Davie was initiated into Lodge #19 in 1978 after many years sojourning in England and Wales, always one step ahead of sundry "Wrens", and where he was always keen to assist the Scotch whisky export market. Davie is widely respected as a ritualist who has made a speciality of the tracing boards. Visiting brethren have travelled far to hear his inspiring lectures. He was installed into the Chair of King Solomon as RWM in 2004 and in that capacity served his Lodge with distinction until 2006. He continues to attend Lodge and Committee regularly as well as assisting in the hall set up.


Bro. Alistair Austin (age 80)
(Story by Mike Ford)  

Bro Alistair is a jovial character who is a great servant of Lodge 19. He served his national service in the 2nd Batt. Duke of Wellington’s Regiment carrying out his duties in India. On being demobbed he then took up employment in the Merchant Navy with the Ben Line travelling to Hong Kong and all the exotic parts of the Far East.

A AustinSergeant Austin 1969

Having returned from one of his exotic trips, he was taking a well earned rest in Derby where he had friends and relations. He fell into conversation with a local Police Constable and decided to join Derbyshire Police, as the Chief Constable was a Scot.

According to his source Alistair understood that a large proportion of the Force was also Scots therefore he would feel at home. Alistair did not let the grass grow under his feet for in less than 24 Hrs. he had been interviewed, accepted and sworn in as one of Derbyshire’s Chief Constable’s Finest. He did his basic training and served in the hard coal mining areas of Derbyshire before turning his talents to the HQ criminal investigation department.

His conscientious nature led to promotion as a uniform Sergeant in Glossop and during this time he became an assessor for the Duke of Edinburgh Award Scheme and no doubt gave a lot of children encouragement. After 27 years loyal service Alistair retired from the Police Service.

He obtained employment as a security supervisor with the BBC in Manchester and after a month in the job was promoted as Assistant Manager for House and Office Services. He met and entertained many celebrities and politicians from Margaret Thatcher to all the soap stars.   Alistair then heard of a great job being offered by Tescos. The bold boy not being daunted, applied, and got the job as an area supervisor covering from Blackpool to Perth and Dundee. This suited Alistair as it took him nearer home to Scotland. The Job was very demanding on Alistair’s time so he gave up the Tesco appointment and started his own driving school in Pitlessie in Fife. Opportunity knocked again for Alistair as he obtained a part time job as a rent arrears officer for Fife County based in Cupar. He wasn’t long in this job when he was offered a full time post with the council, and after winding up his driving school business, he remained with them until his retirement some 12 years later.

During his time in Cupar he decided to become a freemason and was initiated on the 2nd February 1986. He progressed through the degrees and obtained his Mark on the 16th April 1986 He is always bemoaning the fact that he should have joined earlier in his life as he has enjoyed the experience. His strong sense of duty and service led him to be appointed to Almoner of the Lodge and with his vast experience of life was ideally suited to this post.   Bro Alistair gave 100% to the task and gave detailed and sympathetic reports to the Lodge about any brother who was unwell or who had, had an accident. He was regularly making home and hospital visits to sick brethren, taking with him good wishes, a small gift or fruit and a card. He carried out all these duties at his own expense and maintained meticulous records to ensure that he did not miss a visit. On more than one occasion he organised emergency transport to convey a brother to hospital for emergency treatment.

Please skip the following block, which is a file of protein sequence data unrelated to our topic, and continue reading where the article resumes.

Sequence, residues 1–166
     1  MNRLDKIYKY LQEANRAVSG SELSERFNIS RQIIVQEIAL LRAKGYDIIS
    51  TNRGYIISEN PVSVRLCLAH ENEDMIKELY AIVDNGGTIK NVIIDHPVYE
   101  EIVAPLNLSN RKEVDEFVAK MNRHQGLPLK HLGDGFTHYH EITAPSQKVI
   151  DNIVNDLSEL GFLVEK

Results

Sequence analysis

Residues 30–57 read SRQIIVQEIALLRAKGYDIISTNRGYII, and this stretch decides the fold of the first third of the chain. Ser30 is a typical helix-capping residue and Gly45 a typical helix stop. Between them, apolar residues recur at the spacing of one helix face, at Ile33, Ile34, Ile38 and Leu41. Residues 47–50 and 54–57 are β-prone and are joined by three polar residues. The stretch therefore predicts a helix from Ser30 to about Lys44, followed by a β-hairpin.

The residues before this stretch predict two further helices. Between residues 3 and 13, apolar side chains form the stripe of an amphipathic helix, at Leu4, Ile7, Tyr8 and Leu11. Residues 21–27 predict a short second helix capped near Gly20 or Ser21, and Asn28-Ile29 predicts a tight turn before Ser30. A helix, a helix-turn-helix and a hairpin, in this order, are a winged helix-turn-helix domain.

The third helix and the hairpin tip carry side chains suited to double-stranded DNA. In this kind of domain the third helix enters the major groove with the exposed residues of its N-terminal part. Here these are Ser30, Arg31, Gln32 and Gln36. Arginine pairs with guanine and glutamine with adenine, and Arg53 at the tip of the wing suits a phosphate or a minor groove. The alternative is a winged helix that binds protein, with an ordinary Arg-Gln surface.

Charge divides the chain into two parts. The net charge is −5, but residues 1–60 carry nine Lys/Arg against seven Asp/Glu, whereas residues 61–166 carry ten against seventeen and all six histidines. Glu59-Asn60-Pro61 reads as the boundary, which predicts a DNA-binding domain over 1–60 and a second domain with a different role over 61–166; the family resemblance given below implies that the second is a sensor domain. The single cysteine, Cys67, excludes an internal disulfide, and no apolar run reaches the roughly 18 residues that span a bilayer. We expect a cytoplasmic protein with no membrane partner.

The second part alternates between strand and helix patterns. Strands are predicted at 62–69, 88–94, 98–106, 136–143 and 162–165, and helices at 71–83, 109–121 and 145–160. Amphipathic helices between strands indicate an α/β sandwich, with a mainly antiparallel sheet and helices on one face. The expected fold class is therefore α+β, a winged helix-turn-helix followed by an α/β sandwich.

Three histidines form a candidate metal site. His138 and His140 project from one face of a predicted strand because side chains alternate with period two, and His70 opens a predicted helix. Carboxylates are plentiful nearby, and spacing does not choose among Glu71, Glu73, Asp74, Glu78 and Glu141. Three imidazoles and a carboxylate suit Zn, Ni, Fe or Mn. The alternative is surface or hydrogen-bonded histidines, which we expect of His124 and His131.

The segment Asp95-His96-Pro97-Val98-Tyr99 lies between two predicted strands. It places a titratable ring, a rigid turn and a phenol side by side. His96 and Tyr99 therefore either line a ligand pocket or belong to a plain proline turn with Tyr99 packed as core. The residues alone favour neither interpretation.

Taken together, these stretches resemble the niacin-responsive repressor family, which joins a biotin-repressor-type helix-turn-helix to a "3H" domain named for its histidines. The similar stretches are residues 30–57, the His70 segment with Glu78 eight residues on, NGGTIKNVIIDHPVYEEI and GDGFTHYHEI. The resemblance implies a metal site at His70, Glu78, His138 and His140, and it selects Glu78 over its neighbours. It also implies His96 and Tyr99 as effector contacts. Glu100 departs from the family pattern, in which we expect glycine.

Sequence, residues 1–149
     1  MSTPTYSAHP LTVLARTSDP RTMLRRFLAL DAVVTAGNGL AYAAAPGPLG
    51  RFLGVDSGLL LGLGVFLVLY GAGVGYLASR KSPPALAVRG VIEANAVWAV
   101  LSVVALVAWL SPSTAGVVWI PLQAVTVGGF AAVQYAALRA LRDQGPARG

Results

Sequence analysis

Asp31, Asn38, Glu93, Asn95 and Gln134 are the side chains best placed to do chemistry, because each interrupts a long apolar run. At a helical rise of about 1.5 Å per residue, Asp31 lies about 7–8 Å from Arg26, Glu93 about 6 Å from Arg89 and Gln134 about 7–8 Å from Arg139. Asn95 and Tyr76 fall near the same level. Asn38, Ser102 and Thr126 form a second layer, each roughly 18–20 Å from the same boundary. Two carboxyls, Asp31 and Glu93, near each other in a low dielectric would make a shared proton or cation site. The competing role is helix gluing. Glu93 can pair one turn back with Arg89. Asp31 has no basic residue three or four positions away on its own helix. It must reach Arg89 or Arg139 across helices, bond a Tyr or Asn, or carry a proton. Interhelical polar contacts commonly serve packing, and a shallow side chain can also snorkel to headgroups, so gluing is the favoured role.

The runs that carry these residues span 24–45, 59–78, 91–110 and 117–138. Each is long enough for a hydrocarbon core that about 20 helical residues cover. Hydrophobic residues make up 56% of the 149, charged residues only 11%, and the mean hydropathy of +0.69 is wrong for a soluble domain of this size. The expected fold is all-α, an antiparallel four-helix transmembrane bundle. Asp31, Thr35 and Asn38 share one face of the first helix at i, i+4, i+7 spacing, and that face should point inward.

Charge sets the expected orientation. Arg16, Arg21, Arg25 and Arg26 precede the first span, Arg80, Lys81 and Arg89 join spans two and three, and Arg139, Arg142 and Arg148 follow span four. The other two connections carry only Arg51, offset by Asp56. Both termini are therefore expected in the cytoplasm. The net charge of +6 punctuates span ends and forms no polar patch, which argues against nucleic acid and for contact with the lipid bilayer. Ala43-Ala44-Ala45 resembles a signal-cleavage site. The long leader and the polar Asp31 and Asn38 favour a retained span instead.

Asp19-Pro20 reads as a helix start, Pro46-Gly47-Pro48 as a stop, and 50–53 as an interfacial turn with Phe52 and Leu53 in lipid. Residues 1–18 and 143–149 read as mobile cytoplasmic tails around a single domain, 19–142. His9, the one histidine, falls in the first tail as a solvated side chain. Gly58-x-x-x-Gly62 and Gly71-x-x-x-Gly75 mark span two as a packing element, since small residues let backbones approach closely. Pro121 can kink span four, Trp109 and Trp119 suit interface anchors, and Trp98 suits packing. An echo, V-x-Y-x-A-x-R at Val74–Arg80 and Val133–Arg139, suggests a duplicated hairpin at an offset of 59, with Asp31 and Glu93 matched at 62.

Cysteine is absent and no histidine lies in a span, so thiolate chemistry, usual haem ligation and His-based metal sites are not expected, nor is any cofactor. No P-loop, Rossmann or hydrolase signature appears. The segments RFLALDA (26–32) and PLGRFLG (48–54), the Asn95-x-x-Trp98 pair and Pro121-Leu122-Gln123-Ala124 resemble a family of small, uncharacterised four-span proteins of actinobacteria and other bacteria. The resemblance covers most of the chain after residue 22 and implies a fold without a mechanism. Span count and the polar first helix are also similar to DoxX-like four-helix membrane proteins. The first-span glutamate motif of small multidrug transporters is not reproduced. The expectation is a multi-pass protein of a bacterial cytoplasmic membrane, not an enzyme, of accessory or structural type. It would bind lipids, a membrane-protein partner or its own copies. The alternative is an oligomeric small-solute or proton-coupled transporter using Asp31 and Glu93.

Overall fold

From June 2001 until November 2004 he looked after a residential caravan on behalf of the Provincial Grand Lodge of Linlithgowshire. The caravan, known as Cosmain Chalet, was situated at Clayton Caravan Park site St. Andrews for brethren who were in need of some respite or other care. In addition to the maintenance, Bro Alistair was also the local contact for the people who were on holiday there. These duties only came to an end when the chalet had to be relinquished due to financial constraints.
Bro Alistair would organise a rota of brethren to drive any wife or other relative, unable to drive, on hospital visits. He sadly represented the Lodge at many funerals of brethren and carried out these duties in a sympathetic way, in order not to intrude on the grief of the families. He would carry out follow up visits to express support of the lodge and give practical assistance if it was required or requested.
Alistair’s hobbies included the growing of Fuchsias and he became a founder member of the local Fuchsia Society. He took great delight in bringing to the notice of the brethren, any government publications that were appropriate for their welfare and health. He encouraged younger masons to learn from the work of the Almoner. He was passionate about the work of the Almoner and was a prime mover in trying to bring into publication a guide for potential almoners so that the expertise built up by Almoners throughout the Provincial Grand Lodge of Fife and Kinross was not lost. This work is still ongoing and although Alistair has now retired from the Almoner’s post and is not able to attend the Lodge as often as he would like, he will be remembered by the brethren, he helped over the years.
Lodge 19 owes a debt of gratitude to Alistair and as a small token of appreciation the Lodge presented him with a distinguished service certificate and gave him the accolade of allowing him to sit in the East of the Lodge when seats were available. Alistair will be an example to all young masons in the future.